The Stone Age
About 10,000 years ago, Scotland lay under a great sheet of ice. As the climate slowly warmed and the ice retreated, people were already living in the area, hunting, fishing and where possible gathering wild plants and fruits. The retreating glaciers left behind boulders and mud, which would soon be colonised by grasses and shrubs. Trees followed - hazel and birch at first, followed by oak and pine. A rich variety of animals were attracted and the seas and lochs had fish in plenty.
The retreat of the Ice marks the end of the Palaeolithic (Old Stone Age), whose primitive stone tools have been found in southern England. Evidence of Palaeolithic people and the Mesolithic (Middle Stone Age) is thought to have been lost through ice action in Scotland. This is characterised by shell middens - heaps of debris containing many seashells as well as stone and bone tools. Middens have been found in Skye, Argyll, and Wester Ross dating to around 8,000 years ago. A working site, where stone tools were being made, has now been found at Oliclett in Caithness.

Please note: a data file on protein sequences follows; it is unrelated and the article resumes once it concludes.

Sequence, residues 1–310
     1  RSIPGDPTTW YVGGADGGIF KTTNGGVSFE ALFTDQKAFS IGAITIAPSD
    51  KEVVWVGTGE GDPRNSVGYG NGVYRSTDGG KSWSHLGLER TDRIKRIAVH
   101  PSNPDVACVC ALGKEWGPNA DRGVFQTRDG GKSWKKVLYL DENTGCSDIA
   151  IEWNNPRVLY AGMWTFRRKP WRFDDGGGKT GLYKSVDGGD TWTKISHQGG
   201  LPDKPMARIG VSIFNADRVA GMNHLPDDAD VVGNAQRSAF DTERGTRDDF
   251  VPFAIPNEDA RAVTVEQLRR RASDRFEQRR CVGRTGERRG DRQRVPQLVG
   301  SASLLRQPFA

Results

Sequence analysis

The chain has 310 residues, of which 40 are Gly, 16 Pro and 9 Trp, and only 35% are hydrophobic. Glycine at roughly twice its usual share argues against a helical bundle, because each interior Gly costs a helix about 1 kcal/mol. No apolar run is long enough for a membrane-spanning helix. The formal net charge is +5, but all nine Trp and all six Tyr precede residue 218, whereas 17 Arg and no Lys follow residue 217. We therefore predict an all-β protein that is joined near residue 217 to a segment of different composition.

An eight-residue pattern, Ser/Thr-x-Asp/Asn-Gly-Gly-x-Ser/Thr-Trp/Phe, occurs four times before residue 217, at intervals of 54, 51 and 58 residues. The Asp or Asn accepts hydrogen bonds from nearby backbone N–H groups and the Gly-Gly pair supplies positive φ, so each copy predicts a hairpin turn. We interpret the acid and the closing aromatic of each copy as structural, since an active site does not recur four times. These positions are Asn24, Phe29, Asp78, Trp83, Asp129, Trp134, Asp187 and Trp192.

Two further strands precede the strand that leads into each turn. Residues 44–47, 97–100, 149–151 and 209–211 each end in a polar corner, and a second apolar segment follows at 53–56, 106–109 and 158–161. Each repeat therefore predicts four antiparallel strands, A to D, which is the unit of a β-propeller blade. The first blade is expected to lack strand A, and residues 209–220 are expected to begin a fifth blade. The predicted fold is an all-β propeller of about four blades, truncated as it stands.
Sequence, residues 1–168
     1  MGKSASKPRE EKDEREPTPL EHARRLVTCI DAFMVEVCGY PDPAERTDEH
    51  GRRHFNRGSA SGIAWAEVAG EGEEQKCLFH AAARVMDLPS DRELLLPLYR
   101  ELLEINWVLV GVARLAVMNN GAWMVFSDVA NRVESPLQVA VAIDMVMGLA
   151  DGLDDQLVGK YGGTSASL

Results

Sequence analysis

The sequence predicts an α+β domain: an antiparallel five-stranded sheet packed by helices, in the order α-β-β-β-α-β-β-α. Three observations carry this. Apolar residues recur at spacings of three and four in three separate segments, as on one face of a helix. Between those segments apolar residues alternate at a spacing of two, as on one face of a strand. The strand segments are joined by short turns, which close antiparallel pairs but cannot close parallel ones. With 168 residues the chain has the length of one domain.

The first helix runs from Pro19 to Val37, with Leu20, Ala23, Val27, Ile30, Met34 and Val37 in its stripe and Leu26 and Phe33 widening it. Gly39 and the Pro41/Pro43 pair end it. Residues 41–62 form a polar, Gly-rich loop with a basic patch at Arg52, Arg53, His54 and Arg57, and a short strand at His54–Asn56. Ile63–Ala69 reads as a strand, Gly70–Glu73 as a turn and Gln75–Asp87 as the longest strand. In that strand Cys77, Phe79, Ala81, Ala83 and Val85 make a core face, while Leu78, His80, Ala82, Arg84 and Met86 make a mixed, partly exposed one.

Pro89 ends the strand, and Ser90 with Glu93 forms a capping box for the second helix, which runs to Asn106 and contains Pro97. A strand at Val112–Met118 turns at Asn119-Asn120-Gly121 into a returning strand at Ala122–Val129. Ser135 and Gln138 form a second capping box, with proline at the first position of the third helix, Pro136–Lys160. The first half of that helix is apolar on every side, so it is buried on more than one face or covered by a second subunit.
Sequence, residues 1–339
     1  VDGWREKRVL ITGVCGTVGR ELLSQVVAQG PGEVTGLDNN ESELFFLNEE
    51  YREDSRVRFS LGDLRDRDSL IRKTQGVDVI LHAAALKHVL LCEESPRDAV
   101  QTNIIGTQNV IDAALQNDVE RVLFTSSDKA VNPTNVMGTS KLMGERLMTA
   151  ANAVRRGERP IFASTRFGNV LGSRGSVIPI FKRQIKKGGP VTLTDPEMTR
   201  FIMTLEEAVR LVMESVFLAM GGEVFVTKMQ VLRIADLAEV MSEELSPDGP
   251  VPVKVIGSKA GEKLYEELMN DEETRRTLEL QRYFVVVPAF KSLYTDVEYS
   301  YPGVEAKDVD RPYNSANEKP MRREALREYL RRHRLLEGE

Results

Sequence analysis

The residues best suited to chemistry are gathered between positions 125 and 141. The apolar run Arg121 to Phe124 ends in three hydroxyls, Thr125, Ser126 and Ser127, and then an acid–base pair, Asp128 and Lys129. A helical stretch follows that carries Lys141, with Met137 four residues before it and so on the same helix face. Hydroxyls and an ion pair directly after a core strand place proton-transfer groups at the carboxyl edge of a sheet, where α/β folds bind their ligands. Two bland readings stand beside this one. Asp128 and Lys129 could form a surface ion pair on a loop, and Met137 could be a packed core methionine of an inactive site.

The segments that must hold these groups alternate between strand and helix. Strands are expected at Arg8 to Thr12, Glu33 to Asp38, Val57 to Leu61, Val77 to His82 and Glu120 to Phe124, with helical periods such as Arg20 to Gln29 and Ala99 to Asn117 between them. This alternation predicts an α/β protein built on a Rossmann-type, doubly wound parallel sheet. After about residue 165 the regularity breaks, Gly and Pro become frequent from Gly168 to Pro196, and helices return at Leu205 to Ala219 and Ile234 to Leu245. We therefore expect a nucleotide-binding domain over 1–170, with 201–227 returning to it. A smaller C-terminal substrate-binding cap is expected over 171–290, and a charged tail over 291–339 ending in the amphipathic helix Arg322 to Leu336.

From about 6,000 years ago people began to settle and farm the land. This change brings in the Neolithic (New Stone Age), and the creation of the first monuments. Great burial cairns were built overlooking the cultivated land in which the bones of tribal ancestors were collected together. Good examples of chambered cairns can be seen at Camster (long and round cairns), Cnoc Freicadain, Yarrows (Caithness, north and south), Achcoillenaborgie (Strathnaver), Vatten (north and south), Kensaleyre, Rudh' an Dunain and Kilmarie (Skye) and other places. Some of these are round and others are long, but they all have chambers inside to hold the ancestors.
At the end of the Neolithic, about 4,400 years ago, great enclosures and stone circles were being built. The magnificent examples at Callanish in Lewis or the Ring of Brodgar in Orkney are well known. In Highland we have the sophisticated Clava Cairns near Inverness where burial cairns are surrounded by stone circles and attached to them by stone rays.